Hear my silent prayer
Heed my quiet call
When the dark and blue surround you
Step into my sigh
Look inside the light
You will know that I have found you
from "Dreamcatcher" by Secret Garden
A dreamcatcher is a Native American talisman believed to offer protection to the home it resides in. We all seek protection from the universe, the divine, as we travel the roads of our lives. This Sunday, songs of faith and praise to accompany the journey.
The musical term cantabile means to perform in a flowing style in the manner of singing. César Franck premiered his "Trois pièces," which included "Cantabile," in 1878. This prayerful expressive work has been in the standard organ repertoire ever since. The solo reed stop evokes a soprano voice singing an aria supported by a sensuous and highly chromatic flute accompaniment.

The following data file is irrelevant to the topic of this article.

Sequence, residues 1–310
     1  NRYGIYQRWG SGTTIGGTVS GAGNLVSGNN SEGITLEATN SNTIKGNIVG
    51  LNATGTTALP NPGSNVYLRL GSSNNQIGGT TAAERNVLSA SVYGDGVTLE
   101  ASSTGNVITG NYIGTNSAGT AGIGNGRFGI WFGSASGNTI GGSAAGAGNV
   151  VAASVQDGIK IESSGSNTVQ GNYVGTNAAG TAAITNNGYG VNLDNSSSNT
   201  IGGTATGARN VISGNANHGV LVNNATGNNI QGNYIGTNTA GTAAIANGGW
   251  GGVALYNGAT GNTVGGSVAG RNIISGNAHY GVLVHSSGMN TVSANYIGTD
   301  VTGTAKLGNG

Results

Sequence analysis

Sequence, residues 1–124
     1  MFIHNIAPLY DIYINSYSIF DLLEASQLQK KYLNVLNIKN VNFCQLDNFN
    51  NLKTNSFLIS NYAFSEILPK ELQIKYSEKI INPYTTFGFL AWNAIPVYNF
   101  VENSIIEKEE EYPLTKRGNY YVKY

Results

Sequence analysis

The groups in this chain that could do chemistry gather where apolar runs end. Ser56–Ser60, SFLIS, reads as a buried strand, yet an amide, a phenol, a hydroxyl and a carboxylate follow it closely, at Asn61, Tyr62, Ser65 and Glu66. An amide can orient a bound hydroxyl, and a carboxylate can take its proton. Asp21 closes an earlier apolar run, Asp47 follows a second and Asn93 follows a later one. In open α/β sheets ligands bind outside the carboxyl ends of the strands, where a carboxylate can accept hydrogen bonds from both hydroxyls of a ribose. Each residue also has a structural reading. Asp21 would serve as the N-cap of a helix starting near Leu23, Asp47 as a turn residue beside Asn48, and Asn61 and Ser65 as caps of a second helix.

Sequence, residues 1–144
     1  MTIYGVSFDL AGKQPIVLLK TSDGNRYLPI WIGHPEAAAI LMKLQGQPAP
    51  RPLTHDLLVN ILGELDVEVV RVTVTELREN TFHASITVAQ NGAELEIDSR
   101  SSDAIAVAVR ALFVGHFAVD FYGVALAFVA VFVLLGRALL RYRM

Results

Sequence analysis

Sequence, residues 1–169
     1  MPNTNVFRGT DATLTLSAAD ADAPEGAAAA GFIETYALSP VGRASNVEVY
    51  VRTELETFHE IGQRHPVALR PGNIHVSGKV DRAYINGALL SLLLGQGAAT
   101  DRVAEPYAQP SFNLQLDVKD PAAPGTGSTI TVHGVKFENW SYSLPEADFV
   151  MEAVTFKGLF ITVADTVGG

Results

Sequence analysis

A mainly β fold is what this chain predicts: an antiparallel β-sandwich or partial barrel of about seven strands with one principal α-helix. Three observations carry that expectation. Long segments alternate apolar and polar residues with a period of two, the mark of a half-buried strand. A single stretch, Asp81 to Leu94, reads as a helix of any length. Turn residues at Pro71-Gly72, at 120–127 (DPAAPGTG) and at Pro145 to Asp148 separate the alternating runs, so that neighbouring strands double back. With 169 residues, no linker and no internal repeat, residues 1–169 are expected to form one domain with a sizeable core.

Secret Garden is a group led by Irish violinist and vocalist Fionnuala Sherry and Norwegian composer and pianist Rolf Løvland. After winning the 1995 Eurovision Song Contest, they have gone on to sell over three million albums consisting primarily of instrumental compositions. Their work "Dreamcatcher" (from the 1999 album "Dawn of a New Century") begins and ends with a brief lyric expressing the mystery of solace in the universe. The music that follows is of a beautiful melancholic nature that surges with hope and beauty. Violinist Abigail Morgan joins us.
A hymn of praise closes the morning service with a setting of "Praise to the Lord, the Almighty" by Baroque composer Johann Gottfried Walther. The well-known tune sounds gloriously from the pedal reeds as the manuals echo themes from the cantus firmus. Walther was also a respected organist and music theorist and held the distinction of being a contemporary and cousin to the most famed of all Baroque composers— Johann Sebastian Bach.
The 6:00 p.m. "eclectic" service certainly lives up to this description with music offered from the Celtic, jazz, early American, and gospel traditions. Violinist Harmony Tucker joins Blair and I for this diverse worship service on the eve of summer.